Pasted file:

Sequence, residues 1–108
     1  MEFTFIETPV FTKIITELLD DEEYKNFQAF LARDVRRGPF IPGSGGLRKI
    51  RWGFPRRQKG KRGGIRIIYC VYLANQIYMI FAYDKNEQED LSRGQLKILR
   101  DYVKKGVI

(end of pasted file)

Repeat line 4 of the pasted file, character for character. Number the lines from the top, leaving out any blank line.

   101  DYVKKGVI